Getting the affordable housing discussion back on track

At the September 18th meeting when the Council received the Blue Ribbon Commission report, Jane Brunner lamented our failure to adopt an inclusionary zoning ordinance, saying “We have been discussing this issue for 8 years, and we’ve never gotten the five votes….we’ve been waiting and waiting and waiting.” She acknowledged that the Council is split 4-4 on the issue, but then somewhat bizarrely concluded that since half of them want it, they should “just do it.” If only getting things done were so simple. IZ represents a serious ideological divide, and there is no compromise on the table that that negates concerns that IZ would actively hurt our ability to affordable housing production.

Inclusionary zoning advocates are quick to point out that IZ is not a panacea, but only part of a comprehensive affordable housing strategy. However, they fail to offer other suggestions. IZ opponents are equally culpable. They correctly point out that IZ will not help create more affordable housing, but they are so consumed with arguing against IZ that they fail to present alternatives. In November, Oakland’s City Council will once again discuss our affordable housing policies, in conjunction with a promised plan from the Mayor’s office. If this conversation is to be productive, they will have to move beyond the endless bickering about IZ that has dominated our discussion for the past several years. In the spirit of getting the ball rolling, dto510 and I are using our blogs this week to present some other options that the Council should consider as a way to move the discussion beyond IZ.

Our affordable housing funding comes from a combination of state and federal grants, plus what we generate on our own through the Redevelopment Area tax increment. For a detailed description of how we used our federal funding last year, you can take a glance at the 2006-2007 CAPER (pdf!). We get roughly $5 million annually in Community Development Block Grants and another $5 million in HOME grants, and assisted a grand total of 384 households with our federal funds. We got another $12 million in state housing bond money. State law mandates that 20% of the tax increment in a redevelopment area be set aside for affordable housing. Additionally, we reserve a voluntary 5% of the tax increment to supplement this figure. For 2006-2007, the total affordable housing set-aside from redevelopment funding was $20,483,520 (PDF!).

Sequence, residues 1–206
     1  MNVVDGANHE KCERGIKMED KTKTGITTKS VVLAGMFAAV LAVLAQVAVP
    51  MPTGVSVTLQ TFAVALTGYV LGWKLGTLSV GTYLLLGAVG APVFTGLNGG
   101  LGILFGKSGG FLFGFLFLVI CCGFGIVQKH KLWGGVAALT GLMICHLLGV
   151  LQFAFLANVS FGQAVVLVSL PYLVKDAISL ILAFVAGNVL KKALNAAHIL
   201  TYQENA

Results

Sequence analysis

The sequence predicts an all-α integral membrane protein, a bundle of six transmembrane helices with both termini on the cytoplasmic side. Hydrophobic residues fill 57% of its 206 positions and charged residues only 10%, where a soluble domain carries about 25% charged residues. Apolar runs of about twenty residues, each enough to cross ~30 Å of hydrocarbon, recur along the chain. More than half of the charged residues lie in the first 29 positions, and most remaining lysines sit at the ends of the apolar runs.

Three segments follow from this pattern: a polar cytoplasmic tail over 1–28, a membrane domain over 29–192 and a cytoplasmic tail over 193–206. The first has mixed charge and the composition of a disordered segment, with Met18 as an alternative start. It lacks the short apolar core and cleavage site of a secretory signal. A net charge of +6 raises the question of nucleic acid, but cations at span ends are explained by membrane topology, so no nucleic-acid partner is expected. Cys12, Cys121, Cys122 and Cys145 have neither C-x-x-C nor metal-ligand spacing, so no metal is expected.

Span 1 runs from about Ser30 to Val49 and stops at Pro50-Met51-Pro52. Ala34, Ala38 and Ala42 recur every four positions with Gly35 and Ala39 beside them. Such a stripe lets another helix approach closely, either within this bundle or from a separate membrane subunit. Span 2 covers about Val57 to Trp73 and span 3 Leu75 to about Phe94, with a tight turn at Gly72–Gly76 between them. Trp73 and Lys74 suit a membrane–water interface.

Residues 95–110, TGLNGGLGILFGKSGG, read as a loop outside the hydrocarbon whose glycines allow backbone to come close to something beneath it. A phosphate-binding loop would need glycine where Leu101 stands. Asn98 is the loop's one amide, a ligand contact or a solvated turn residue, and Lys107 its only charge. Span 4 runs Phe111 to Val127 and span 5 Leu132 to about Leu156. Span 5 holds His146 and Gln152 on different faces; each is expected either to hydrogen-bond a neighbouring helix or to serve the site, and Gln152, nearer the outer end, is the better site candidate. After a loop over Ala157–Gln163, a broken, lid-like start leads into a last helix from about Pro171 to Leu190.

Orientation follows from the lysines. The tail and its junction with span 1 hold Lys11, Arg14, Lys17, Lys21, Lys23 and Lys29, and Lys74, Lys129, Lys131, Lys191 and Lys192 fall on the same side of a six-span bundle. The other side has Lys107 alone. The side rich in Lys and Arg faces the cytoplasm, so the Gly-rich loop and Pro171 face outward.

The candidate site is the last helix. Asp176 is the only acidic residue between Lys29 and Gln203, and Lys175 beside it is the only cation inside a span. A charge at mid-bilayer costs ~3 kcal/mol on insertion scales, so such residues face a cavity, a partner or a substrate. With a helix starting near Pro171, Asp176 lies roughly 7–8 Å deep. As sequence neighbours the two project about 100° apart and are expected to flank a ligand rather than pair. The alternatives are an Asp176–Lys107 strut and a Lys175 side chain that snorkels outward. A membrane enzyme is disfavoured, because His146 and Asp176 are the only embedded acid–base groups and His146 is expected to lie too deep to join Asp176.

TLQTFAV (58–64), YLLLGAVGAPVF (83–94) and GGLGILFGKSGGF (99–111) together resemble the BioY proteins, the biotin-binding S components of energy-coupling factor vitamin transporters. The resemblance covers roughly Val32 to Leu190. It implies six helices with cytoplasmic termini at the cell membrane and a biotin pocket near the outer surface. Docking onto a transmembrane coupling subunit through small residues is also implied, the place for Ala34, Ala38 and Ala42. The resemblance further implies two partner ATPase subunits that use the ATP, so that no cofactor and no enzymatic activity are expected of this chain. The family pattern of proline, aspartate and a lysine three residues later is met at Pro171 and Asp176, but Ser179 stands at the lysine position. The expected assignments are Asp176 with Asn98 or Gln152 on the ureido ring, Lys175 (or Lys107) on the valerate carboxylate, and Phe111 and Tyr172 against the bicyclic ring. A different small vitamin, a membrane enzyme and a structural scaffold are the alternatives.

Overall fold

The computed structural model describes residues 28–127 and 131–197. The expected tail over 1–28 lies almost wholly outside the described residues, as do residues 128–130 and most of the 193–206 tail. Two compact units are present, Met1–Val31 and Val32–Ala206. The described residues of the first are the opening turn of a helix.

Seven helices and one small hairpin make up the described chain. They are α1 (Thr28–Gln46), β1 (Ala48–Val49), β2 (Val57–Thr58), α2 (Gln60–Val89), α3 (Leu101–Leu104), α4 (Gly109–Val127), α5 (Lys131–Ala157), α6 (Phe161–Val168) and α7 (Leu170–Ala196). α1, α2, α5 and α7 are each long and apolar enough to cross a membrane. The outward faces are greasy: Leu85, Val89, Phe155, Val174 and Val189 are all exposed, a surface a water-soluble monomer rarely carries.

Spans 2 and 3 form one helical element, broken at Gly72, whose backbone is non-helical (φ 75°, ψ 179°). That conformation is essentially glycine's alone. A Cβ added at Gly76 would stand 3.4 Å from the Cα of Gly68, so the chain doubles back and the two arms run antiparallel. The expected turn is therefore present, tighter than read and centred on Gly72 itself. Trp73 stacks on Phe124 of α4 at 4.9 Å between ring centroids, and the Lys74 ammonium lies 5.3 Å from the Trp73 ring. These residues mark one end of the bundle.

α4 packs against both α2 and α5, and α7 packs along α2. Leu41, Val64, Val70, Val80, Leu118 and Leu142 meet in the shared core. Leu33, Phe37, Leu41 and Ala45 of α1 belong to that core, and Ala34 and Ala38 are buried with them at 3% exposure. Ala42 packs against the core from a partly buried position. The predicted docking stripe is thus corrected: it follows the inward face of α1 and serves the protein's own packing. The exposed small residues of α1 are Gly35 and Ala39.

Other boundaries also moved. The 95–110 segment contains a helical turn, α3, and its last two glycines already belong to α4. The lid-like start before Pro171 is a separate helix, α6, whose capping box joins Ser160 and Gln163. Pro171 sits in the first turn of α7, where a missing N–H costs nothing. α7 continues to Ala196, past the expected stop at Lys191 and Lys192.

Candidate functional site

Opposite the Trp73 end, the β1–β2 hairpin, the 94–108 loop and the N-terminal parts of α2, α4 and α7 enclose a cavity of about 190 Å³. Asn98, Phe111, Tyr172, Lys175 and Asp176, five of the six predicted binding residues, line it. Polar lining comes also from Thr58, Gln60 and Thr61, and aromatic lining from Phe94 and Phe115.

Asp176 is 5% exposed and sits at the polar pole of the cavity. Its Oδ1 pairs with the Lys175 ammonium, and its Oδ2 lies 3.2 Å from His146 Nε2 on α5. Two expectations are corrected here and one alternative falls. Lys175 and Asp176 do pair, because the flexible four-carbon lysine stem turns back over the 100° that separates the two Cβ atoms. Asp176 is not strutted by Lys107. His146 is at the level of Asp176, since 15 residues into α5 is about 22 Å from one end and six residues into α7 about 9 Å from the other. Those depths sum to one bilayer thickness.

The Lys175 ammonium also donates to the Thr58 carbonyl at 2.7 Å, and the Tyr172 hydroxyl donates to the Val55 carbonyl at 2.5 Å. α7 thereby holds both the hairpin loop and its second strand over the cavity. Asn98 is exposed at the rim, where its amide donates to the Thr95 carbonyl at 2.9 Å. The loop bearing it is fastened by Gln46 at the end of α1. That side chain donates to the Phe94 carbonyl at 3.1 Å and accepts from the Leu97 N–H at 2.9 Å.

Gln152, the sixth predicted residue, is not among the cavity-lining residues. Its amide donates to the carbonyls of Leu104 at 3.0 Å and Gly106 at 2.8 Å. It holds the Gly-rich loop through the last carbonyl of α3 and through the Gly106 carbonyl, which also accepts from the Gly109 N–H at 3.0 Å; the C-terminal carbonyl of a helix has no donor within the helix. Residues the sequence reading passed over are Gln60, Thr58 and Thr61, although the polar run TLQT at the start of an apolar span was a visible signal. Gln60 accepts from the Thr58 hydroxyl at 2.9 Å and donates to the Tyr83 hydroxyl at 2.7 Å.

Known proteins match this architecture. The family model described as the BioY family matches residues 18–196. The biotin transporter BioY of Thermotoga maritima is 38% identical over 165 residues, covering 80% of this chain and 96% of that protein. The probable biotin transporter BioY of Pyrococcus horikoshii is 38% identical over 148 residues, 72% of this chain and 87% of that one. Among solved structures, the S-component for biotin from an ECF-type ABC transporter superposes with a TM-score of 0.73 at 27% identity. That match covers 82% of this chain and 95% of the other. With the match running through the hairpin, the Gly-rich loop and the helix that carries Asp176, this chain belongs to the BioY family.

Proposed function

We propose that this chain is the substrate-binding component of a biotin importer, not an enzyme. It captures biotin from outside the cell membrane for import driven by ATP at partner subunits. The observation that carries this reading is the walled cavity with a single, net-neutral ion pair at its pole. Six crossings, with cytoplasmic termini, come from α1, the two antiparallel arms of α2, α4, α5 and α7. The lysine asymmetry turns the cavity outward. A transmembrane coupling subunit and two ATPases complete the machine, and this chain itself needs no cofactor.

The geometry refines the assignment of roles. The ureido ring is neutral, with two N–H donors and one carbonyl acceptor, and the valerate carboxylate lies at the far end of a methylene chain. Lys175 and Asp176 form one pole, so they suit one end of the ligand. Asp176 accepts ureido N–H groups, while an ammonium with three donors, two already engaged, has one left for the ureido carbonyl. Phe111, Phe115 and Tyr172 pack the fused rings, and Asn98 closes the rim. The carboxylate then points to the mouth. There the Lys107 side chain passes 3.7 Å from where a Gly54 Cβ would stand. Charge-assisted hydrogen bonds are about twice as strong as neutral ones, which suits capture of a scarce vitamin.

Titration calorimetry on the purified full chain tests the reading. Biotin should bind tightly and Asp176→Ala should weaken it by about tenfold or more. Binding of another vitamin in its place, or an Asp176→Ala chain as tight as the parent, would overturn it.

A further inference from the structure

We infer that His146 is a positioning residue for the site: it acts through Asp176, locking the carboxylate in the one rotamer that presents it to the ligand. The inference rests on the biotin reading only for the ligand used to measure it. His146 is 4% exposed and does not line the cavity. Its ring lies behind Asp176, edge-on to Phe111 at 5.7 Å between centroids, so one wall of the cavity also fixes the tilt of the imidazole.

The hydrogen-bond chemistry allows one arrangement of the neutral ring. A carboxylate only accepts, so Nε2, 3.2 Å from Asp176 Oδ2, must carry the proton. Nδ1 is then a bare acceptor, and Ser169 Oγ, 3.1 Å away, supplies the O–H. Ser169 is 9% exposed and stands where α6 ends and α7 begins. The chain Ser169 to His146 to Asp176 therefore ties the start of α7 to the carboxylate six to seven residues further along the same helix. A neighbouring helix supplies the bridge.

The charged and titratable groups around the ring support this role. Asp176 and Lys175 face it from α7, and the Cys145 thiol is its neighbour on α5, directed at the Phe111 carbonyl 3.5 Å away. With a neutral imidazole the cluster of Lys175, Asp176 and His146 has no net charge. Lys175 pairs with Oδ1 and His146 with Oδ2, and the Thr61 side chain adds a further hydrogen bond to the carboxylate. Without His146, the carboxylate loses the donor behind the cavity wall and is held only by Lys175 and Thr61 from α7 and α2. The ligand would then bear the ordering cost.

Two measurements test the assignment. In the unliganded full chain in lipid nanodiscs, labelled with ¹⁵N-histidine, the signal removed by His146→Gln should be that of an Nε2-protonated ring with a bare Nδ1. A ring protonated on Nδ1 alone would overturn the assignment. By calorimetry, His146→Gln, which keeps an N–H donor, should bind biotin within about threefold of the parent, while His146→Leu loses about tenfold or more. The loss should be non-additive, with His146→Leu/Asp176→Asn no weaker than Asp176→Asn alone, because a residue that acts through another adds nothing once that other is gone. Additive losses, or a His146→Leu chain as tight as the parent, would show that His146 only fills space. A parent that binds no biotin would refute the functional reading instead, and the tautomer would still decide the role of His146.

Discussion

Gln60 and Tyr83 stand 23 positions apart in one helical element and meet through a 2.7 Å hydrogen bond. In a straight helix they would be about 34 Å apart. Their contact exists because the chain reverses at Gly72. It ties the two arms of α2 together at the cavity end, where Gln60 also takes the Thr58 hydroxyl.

When Mayor Dellums talks about his vision for Oakland as a model city, his rhetoric is dependent on getting more state and federal funding. I find this attitude defeatist and depressing. Obviously we should do our best to get as much money from other sources as possible, but any attempts to do so should be coordinated with efforts to maximize our own resources. We cannot sit and wait forever for Air Force One to swoop in and deliver us from all our problems. The best way for us to increase our own funding for affordable housing is to build more market-rate housing in redevelopment areas. We need to look at ways to ease barriers to construction that will allow us to increase the tax increment, and by extension, affordable housing funding from the set-aside.